The best people for certain jobs may not have perfect résumés. Oh, sure, they’ll have the skills you need, but you might spot a “their” that should be “there” or vice versa. Many hiring managers reject such people on the spot. Research suggests that this may be a bad idea.
Typos are made because we’re so busy trying to convey meaning that we don’t always notice when we’ve made an error. We all know that it’s difficult to catch our own typos, but why is that? It’s because we already know what we mean, so our eyes read one thing but our brain translates it into the meaning that it already knows exists.
This, of course, means our readers have to extract our meaning without the benefit of being inside our head. Plus, they can’t see our facial expressions or hear our tone of voice as they can when we speak. This is why some people can give fantastic speeches and yet be awful writers.
So, writing–good writing–is hard to achieve. And résumés and cover letters are writing devoid of any human interaction. All the recruiter or hiring manager sees is what is on the screen and that may have their/there/they’re, your/you’re, and lose/loose errors. (Fortunately, most word processing software will put a nice red line under misspellings, which therefore don’t come up as often.) And when we see this, we reject candidates.
These errors, though, in no way indicate a lack of intelligence or even attention to detail. They do indicate a person who is very interested in getting concepts and ideas down on paper. Wired interviewed psychologist Tom Stafford, who studies typos, and described it this way:
As with all high level tasks, your brain generalizes simple, component parts (like turning letters into words and words into sentences) so it can focus on more complex tasks (like combining sentences into complex ideas). “We don’t catch every detail, we’re not like computers or NSA databases,” said Stafford. “Rather, we take in sensory information and combine it with what we expect, and we extract meaning.” When we’re reading other peoples’ work, this helps us arrive at meaning faster by using less brain power. When we’re proofreading our own work, we know the meaning we want to convey. Because we expect that meaning to be there, it’s easier for us to miss when parts (or all) of it are absent. The reason we don’t see our own typos is that what we see on the screen is competing with the version that exists in our heads.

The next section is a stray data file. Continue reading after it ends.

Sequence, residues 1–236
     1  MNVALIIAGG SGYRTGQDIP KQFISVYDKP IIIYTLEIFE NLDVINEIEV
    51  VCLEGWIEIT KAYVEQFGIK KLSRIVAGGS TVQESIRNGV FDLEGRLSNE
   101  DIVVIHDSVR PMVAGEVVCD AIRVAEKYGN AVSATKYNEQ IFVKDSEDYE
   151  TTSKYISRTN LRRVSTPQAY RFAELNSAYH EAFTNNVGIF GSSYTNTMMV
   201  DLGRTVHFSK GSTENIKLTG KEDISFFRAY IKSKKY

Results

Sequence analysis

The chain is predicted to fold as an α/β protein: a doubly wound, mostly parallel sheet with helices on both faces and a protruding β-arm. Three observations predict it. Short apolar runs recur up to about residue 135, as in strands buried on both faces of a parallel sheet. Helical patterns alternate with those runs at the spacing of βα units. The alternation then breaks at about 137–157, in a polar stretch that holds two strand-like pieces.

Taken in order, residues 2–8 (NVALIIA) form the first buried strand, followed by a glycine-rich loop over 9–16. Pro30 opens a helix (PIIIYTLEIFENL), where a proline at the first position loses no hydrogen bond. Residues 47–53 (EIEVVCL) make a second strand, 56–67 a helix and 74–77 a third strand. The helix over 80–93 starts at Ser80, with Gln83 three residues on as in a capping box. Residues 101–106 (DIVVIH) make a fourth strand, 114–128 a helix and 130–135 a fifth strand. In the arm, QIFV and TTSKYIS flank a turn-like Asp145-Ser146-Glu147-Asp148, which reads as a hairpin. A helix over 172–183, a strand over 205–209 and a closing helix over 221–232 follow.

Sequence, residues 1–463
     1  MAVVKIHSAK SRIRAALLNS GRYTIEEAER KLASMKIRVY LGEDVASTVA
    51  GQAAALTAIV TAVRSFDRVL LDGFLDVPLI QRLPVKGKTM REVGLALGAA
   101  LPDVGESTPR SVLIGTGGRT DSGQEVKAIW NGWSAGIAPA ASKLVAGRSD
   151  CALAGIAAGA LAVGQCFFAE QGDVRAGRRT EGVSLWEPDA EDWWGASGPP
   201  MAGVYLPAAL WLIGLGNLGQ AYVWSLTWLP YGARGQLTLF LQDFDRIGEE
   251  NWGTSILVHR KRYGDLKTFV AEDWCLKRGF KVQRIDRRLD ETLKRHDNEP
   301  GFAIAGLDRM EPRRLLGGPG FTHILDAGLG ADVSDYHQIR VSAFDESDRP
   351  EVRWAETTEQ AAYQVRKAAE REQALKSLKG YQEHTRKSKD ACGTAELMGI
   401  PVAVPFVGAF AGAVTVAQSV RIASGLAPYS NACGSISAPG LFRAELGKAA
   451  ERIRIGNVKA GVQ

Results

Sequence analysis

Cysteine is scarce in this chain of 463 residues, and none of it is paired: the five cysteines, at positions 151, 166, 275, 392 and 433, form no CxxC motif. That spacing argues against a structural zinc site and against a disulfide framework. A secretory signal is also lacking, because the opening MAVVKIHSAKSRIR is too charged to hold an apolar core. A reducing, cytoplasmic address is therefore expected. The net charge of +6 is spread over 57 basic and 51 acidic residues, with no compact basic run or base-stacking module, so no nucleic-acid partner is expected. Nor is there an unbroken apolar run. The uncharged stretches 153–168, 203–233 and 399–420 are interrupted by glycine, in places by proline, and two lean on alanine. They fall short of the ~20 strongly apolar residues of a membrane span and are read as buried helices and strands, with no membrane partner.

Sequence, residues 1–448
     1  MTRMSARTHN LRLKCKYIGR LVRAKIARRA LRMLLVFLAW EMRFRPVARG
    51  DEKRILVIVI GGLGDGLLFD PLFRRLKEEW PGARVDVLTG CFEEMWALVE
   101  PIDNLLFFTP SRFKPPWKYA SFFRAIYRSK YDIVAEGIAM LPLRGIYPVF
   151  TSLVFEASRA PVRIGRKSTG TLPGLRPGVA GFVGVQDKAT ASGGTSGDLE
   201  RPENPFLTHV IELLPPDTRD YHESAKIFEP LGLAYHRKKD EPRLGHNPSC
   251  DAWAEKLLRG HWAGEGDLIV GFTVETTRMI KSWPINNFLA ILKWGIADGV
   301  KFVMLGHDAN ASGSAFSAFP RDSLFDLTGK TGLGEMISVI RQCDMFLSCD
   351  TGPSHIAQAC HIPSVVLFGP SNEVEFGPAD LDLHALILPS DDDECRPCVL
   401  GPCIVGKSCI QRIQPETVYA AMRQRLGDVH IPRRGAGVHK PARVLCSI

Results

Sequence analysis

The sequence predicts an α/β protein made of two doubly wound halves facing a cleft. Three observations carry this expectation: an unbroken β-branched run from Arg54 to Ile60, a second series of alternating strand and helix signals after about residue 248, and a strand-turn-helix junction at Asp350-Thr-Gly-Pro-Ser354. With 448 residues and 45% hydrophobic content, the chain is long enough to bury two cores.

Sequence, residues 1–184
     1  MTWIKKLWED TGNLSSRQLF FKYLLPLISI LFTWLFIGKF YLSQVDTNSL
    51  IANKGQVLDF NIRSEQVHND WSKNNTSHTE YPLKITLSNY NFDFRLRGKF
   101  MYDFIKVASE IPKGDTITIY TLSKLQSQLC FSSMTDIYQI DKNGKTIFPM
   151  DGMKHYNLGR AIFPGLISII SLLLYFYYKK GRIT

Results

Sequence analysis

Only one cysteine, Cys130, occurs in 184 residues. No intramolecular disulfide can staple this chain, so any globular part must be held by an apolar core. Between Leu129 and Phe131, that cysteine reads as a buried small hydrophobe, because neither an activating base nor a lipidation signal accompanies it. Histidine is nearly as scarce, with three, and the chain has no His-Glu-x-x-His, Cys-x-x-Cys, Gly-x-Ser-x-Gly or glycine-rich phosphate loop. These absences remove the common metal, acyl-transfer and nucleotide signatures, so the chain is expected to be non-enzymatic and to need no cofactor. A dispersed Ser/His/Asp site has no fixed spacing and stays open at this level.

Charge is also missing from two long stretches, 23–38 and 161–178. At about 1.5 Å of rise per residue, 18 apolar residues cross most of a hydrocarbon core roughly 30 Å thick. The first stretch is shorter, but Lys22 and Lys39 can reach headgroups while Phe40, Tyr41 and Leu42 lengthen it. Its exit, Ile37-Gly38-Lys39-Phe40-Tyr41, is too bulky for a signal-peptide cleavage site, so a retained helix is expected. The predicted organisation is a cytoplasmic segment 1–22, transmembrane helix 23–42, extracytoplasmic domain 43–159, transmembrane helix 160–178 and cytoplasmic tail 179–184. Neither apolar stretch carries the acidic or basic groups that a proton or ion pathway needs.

If you’re hiring a proofreader, a their/there mistake can be a big deal. But if you’re hiring someone who is an idea generator? Such a mistake is just not that important. The question is, was meaning conveyed?
But don’t you want detail-oriented people? Well, of course you do, if you’re hiring a copy editor. If you’re not? This is not a critical skill. Do you want to reject the marketing guy with great ideas that will allow your company to leapfrog over your competitors because he messed up a homophone? What about the computer programmer who is expected to sit back and code? Does it really matter if he knows when to use “affect” versus “effect”? And can you tell if that was a typo or an actual lack of knowledge? Just by reading a résumé or cover letter, you can’t.
So often what we do in hiring is look for any excuse at all not to hire someone. Instead of having a human who can glean meaning from a bunch of words on a page, we run it through a key word search, which doesn’t get meaning, just key words. And, then, we hit “reject!” as often as possible. When the computer spits out 15 résumés with the right key words, we then go through and look to reject as many of those as possible as well. Typo? Rejected. Wrong school? Rejected. Didn’t work for the right company? Rejected. Six months of unemployment? Rejected.
When we’re hiring, we should be focused on the meaning conveyed in the résumé, and not on how we can reject as many people as possible. A typo doesn’t mean someone is going to be a bad employee. In fact, it can mean that he or she is so focused on conveying meaning that you should bring that person on board as soon as possible.
This article originally appeared at Inc.